Yes, we’ve seen some interesting concepts, like the AMS (Auto Milk Steamer) prototype from La Marzocco & the Perfect Moose steamer, but we’re not expecting to see the bigger disruptive coffee trends emerging in the next 12 months.
Looking further into the future, automatic machines like the Eversys Cameo c’2 continue to blur the lines between traditional & automatic with every software upgrade. It’s not happening yet, but it may not long until this style of machine starts to find a place in everyday cafes.
Another way espresso automation is coming to life is through self-service technology.
Machines like the Scanomat Topbrewer open up the possibility of entirely new business models with their simple interface & impressive quality. Their latest model includes flash chilling, allowing venues to offer espresso coffees, iced coffee & even Nitro cold brew all from the same tap.
7. Cafes go cashless
With the popularity of tap-and-go payments increasing every year, cash is becoming less relevant as time goes by.
According to 2018 research by payment service provider Square, cashless transactions make up more than half (54%) of all payments in cafes.
Some food businesses have decided that they can serve customers more quickly & reduce risk by eliminating cash altogether. One example is the legendary Lune Croissanterie in Melbourne, who recently went cashless in both of their locations.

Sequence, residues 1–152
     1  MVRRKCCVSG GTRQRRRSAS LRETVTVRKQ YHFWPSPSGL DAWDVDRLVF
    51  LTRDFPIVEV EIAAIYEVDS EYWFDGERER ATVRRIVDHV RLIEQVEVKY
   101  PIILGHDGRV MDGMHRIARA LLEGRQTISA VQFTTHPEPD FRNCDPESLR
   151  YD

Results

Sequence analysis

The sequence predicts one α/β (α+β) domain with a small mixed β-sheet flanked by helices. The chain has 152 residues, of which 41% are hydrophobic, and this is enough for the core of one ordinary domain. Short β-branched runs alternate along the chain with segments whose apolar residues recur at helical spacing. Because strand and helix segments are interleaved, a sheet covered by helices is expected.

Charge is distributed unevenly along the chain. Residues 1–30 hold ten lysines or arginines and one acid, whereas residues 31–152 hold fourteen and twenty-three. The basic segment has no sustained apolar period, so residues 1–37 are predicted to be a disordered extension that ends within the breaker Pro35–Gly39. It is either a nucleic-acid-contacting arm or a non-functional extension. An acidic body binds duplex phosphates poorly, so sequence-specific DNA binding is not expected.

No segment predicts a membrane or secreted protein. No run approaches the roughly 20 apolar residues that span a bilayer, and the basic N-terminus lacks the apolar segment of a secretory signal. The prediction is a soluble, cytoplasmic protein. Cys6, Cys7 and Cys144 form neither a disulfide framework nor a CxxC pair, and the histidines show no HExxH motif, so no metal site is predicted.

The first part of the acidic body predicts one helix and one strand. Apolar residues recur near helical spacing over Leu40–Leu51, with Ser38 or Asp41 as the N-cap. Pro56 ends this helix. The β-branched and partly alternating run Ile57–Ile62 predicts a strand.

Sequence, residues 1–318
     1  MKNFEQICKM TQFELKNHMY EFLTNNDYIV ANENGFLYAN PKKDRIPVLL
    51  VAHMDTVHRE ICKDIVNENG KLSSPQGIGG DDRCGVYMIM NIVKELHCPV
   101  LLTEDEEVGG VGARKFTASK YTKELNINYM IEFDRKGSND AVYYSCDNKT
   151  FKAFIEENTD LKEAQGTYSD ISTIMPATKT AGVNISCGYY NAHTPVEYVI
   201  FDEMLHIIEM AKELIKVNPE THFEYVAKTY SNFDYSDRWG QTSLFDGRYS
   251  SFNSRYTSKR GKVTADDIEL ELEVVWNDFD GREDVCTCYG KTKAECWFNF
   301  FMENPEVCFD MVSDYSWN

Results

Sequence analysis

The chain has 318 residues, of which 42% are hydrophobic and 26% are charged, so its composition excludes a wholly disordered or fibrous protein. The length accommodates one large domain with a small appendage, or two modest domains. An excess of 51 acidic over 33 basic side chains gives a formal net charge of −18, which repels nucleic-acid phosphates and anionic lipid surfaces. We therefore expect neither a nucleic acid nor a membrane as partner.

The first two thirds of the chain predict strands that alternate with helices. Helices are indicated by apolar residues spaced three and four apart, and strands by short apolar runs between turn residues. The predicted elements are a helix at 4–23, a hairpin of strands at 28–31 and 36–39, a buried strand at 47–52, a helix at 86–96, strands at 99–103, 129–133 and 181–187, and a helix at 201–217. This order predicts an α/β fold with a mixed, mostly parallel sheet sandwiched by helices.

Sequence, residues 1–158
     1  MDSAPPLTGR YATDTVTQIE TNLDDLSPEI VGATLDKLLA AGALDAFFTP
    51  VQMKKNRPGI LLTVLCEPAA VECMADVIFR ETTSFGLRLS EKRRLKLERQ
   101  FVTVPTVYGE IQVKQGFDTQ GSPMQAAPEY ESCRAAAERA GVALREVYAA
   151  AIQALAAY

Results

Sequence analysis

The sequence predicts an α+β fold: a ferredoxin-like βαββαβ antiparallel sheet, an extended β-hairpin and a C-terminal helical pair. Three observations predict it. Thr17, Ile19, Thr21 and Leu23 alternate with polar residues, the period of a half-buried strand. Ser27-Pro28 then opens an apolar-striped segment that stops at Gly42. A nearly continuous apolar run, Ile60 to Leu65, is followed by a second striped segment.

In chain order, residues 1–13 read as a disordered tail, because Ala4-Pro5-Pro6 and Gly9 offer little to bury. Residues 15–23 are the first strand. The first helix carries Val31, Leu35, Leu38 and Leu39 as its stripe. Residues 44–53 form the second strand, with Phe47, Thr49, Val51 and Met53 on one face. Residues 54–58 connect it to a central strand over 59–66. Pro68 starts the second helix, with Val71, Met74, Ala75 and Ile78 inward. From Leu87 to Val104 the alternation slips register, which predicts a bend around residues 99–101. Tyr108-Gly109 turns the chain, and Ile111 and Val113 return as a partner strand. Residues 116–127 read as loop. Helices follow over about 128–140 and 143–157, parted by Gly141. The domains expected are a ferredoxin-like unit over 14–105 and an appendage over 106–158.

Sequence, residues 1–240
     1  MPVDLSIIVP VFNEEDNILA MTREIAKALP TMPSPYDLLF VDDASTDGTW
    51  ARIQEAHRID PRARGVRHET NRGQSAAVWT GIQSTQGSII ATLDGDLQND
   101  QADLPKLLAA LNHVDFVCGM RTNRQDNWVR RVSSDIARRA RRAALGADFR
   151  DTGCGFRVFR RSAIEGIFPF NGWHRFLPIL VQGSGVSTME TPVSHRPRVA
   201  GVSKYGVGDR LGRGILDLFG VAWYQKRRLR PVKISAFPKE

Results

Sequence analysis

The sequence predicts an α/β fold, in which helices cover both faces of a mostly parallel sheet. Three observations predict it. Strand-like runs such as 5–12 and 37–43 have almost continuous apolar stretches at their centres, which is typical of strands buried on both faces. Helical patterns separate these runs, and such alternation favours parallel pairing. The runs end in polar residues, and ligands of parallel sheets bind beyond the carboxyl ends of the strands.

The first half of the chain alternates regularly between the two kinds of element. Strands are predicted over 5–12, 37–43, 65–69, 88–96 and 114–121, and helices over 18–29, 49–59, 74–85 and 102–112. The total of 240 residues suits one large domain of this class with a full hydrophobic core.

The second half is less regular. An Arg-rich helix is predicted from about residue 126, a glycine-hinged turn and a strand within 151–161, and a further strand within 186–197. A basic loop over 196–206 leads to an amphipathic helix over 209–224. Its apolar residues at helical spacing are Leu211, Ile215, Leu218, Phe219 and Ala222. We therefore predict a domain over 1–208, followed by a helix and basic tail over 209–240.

Is it a good thing?
Well, no one likes paying merchant fees. However, when you consider all the extra time spent counting cash, going to the bank, handing over change – it starts to make you think…
8. Delivery is here to stay, whether we like it or not…
Despite their massive fees, food delivery services like Ubereats, Menulog & Deliveroo have seen some big growth over the last few years.
It’s not just limited to full meals, people are now ordering smaller items like ice-cream, juices and coffees using these services.
Overseas, some coffee businesses are even setting up delivery-centric or delivery-only ‘dark kitchens’ to keep costs down. One example is the Luckin Coffee chain in China, which has opened over 3000 stores since 2018 using a delivery-focussed business model to get the upper hand on Starbucks.
Would a delivery-first business model like Luckin Coffee work in Australia?
Given the differences in economics, customer behaviour & culture – it’s really hard to say for sure.
What we do know is that the café business in Australia keeps changing every year. While we can’t all jump on every bandwagon that comes along, it’s good to know what’s on the horizon so that we can adapt.